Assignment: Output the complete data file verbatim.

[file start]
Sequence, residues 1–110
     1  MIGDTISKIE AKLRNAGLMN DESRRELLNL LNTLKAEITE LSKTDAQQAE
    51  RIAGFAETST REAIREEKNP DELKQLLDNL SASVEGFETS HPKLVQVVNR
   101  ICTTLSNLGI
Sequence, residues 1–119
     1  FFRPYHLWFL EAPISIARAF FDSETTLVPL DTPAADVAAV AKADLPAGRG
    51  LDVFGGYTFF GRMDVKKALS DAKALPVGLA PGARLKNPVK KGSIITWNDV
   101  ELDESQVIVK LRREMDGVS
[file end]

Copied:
Sequence, residues 1–110
     1  MIGDTISKIE AKLRNAGLMN DESRRELLNL LNTLKAEITE LSKTDAQQAE
    51  RIAGFAETST REAIREEKNP DELKQLLDNL SASVEGFETS HPKLVQVVNR
   101  ICTTLSNLGI
Sequence, residues 1–119
     1  FFRPYHLWFL EAPISIARAF FDSETTLVPL DTPAADVAAV AKADLPAGRG
    51  LDVFGGYTFF GRMDVKKALS DAKALPVGLA PGARLKNPVK KGSIITWNDV
   101  ELDESQVIVK LRREMDGVS